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The Cabinet Of Dr. Caligari (#110 of 4)

Summer of ‘89: Batman

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Summer of ‘89: <em>Batman</em>
Summer of ‘89: <em>Batman</em>

Returning to Tim Burton’s 1989 Batman in light of Christopher Nolan’s recent, remarkably successful Batman trilogy turns out to be quite a fascinating experience—though, surprisingly, as much for their convergences in vision as for their divergences. Certainly, the stylistic differences are almost blindingly obvious: Burton the playfully macabre merry prankster, Nolan the deeply serious philosopher. And yet, both visions unmistakably flow from the same unsettling bedrocks: a world drowning in moral rot, one in which a self-appointed hero who takes the form of a human bat is, at heart, as deeply disturbed as the more overtly screwed-up villains he takes it upon himself to defeat. It’s just that these two artists view these characters and this physical and emotional world through different lenses.

The contrast is immediately apparent in the music. In stark contrast to James Newton Howard and Hans Zimmer’s loudly generic bombast for the Nolan films, Burton opens his Batman with the operatic strains of Danny Elfman’s full-orchestra heroism, slyly suggesting the unabashedly heroic way Batman sees himself. After its opening-credit sequence, during which Roger Pratt’s camera roams around what is eventually revealed to be a metal Bat-Signal, Burton establishes his vision of Gotham City: an unabashedly surreal environment that owes more to the dystopian sci-fi visions of Metropolis and Blade Runner than to any of the notions of noir-ish realism that underpins Nolan’s films. Then there are the differing acting styles, with Burton’s actors generally eschewing the internal brooding that Nolan’s performers exhibit in favor of archetypal broadness. This style doesn’t just extend to Jack Nicholson’s galvanizing hamminess as the Joker, but also trickles down to its supporting players (William Hootkins’s wearily deep-voiced Lt. Eckhardt, Robert Wuhl’s enthusiastically pushy journalist, and so on).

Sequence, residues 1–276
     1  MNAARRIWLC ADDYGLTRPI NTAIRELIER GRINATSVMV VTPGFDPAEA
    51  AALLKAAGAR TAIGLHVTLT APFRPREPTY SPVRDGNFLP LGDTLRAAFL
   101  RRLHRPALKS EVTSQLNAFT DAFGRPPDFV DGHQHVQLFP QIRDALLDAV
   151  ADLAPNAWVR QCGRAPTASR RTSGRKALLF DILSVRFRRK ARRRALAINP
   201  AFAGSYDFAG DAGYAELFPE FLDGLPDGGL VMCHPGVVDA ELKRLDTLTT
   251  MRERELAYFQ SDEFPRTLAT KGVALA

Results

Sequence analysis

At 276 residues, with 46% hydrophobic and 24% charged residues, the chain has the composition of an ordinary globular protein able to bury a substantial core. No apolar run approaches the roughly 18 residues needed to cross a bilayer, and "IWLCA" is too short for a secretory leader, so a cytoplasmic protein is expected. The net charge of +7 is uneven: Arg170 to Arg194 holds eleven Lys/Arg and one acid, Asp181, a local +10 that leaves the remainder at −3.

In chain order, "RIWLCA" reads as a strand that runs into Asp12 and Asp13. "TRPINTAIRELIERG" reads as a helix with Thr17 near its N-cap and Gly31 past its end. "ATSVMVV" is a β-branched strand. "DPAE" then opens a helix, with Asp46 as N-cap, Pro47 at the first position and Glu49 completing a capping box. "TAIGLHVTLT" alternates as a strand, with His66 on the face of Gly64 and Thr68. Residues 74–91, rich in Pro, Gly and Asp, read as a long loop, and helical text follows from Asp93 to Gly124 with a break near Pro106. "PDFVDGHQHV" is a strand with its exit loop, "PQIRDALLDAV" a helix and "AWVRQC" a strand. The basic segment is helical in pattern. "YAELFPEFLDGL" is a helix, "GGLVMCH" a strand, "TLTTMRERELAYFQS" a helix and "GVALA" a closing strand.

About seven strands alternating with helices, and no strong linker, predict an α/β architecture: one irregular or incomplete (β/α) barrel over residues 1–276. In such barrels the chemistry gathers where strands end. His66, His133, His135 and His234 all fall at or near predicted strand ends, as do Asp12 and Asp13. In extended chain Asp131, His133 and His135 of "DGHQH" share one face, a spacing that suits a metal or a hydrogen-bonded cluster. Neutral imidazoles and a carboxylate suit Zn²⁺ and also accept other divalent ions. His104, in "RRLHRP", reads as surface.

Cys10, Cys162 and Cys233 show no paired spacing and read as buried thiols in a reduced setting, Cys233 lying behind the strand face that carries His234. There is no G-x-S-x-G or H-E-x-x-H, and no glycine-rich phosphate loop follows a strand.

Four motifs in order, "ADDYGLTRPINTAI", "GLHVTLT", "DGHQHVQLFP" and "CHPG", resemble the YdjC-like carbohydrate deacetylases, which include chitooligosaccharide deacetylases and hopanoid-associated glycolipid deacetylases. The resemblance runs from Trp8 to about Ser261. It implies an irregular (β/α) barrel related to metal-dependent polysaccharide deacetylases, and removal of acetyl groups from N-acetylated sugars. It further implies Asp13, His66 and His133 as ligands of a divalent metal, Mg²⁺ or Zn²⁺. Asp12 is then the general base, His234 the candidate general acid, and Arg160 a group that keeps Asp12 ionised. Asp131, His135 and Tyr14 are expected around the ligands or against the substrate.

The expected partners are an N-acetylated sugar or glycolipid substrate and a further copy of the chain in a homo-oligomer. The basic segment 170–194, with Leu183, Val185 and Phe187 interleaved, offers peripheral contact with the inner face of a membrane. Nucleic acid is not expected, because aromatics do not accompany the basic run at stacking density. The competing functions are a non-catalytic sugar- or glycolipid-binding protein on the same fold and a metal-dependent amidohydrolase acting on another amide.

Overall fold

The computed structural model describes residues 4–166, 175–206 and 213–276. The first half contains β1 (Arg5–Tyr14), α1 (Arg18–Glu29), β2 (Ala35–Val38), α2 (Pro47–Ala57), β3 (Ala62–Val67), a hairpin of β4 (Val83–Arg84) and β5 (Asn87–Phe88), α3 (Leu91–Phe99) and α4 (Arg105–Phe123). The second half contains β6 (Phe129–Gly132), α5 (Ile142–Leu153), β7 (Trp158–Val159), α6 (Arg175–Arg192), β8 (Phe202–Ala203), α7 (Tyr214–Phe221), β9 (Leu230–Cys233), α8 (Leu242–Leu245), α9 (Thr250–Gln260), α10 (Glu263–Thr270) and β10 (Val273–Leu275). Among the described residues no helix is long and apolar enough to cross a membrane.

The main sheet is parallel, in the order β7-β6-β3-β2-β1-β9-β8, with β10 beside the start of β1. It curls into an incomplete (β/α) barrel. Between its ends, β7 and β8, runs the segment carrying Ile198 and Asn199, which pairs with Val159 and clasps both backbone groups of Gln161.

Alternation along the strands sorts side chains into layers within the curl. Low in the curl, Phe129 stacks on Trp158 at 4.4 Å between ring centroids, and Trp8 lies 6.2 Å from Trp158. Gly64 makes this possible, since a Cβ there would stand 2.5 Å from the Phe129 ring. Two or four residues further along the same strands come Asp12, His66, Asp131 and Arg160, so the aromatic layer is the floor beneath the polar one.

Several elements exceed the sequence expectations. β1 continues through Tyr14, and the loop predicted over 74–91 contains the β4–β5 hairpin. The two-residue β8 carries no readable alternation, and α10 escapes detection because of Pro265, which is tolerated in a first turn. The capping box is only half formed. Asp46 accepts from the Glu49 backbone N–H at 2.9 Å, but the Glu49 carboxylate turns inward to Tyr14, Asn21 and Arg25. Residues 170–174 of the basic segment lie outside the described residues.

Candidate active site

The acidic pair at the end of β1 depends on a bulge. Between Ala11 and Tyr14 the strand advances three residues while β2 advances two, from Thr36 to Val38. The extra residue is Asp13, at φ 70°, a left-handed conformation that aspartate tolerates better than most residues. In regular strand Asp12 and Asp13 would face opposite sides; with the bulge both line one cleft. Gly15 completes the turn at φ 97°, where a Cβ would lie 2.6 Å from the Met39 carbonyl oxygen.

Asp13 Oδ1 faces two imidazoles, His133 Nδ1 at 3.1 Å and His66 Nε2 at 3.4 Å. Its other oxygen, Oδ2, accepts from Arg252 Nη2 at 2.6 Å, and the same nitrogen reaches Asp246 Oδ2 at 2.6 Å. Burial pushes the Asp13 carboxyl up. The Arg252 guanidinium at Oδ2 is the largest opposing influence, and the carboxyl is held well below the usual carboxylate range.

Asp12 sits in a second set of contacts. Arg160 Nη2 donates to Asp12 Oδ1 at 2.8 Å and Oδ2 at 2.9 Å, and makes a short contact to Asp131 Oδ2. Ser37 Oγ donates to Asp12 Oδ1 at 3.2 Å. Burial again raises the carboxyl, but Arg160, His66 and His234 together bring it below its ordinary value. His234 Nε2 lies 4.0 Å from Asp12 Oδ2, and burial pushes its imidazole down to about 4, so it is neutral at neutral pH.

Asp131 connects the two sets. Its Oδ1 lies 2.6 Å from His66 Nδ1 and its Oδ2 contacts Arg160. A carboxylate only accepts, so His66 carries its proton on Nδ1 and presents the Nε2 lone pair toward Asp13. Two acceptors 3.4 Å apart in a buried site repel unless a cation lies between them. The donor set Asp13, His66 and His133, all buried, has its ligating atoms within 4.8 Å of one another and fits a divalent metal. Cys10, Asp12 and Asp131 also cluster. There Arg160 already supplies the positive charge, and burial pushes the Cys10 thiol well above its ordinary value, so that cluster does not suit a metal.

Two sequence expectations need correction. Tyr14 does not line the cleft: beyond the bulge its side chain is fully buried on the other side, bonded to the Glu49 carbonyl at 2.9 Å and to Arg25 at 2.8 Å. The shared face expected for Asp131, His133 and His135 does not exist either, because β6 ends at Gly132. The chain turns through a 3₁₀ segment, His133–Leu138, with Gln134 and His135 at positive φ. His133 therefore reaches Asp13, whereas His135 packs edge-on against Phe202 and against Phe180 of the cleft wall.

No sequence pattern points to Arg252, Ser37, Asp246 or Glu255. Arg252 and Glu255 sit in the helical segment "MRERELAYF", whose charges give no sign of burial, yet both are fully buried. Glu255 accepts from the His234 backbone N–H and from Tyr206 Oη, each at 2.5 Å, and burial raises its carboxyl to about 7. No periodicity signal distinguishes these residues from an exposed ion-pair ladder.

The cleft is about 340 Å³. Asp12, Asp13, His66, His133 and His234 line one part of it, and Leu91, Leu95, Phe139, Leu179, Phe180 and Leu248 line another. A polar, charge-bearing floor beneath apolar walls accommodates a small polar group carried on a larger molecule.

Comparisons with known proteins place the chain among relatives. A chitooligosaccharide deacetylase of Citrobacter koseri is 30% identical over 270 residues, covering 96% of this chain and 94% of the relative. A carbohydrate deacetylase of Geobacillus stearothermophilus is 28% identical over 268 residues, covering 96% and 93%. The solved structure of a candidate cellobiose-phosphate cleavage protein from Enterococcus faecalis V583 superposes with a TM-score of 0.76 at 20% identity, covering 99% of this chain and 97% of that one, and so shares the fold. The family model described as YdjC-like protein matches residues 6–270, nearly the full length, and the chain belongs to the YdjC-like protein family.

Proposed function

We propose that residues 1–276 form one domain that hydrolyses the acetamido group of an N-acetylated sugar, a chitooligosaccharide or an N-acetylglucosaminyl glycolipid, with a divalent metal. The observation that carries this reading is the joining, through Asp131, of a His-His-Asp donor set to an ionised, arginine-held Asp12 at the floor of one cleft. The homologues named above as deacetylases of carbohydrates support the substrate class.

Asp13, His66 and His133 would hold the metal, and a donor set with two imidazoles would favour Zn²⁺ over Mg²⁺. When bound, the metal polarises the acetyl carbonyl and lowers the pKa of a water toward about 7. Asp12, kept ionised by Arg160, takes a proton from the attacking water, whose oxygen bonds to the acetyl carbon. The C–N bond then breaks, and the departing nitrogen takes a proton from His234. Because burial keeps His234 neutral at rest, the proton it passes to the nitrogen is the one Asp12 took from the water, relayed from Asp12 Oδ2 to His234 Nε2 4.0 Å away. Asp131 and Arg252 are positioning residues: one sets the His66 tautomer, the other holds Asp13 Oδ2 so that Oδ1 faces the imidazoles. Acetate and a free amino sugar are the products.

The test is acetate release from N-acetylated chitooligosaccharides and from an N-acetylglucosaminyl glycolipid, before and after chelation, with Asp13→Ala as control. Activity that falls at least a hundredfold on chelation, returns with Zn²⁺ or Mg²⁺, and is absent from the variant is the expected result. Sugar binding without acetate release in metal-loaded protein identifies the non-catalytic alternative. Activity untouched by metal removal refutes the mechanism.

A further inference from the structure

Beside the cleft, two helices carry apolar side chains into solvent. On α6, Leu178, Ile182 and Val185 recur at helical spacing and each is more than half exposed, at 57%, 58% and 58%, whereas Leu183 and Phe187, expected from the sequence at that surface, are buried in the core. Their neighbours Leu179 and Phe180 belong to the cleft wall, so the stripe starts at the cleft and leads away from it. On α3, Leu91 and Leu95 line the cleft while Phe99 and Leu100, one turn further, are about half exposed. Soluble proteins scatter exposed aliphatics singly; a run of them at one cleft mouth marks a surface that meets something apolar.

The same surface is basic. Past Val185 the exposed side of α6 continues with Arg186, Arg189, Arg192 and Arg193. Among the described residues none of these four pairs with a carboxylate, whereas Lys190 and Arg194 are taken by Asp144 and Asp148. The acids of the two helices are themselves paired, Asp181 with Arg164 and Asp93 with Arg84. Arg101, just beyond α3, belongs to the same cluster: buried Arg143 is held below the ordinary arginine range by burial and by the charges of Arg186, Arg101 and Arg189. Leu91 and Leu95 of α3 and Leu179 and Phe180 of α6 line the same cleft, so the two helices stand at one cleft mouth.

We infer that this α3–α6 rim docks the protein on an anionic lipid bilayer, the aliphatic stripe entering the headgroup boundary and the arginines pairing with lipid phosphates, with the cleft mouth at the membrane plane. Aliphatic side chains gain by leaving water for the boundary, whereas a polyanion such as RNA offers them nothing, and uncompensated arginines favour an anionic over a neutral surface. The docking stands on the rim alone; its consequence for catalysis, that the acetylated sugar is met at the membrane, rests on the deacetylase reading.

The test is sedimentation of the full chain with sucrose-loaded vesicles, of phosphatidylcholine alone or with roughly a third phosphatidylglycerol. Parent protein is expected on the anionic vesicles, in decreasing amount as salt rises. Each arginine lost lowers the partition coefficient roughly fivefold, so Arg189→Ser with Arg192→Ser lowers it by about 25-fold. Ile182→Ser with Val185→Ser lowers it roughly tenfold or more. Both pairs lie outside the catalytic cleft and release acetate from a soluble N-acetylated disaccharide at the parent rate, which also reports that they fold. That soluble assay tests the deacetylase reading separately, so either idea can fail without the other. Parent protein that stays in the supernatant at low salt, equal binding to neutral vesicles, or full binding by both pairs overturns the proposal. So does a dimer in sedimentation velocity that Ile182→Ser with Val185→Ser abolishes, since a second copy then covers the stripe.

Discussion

New York Film Festival 2010: The Hole

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New York Film Festival 2010: <em>The Hole</em>
New York Film Festival 2010: <em>The Hole</em>

Joe Dante’s latest film, The Hole, which screened at the New York Film Festival on Saturday night, is no more a breakthrough for the 3D process than James Cameron’s Avatar was (though Dante’s film is, as one might expect, far less self-important); in fact, though Dante expressly conceived the film to be shot in 3D, rather than allowing 3D to be added as an afterthought (as has been the case with many recent Hollywood films, most recently Wes Craven’s My Soul to Take), the truth is, despite a handful of arresting instances of set design and camera perspectives which somewhat gain from that increasingly ubiquitous third dimension, overall The Hole probably didn’t need to be in 3D at all. As it is, seeing this film in 3D never presents any major distractions, but neither does it enhance the film in any special way. And as I’ve come to conclude after the immense hype for Avatar subsided, if you don’t much notice the 3D in a 3D film, why not just make the film in regular 2D in the first place?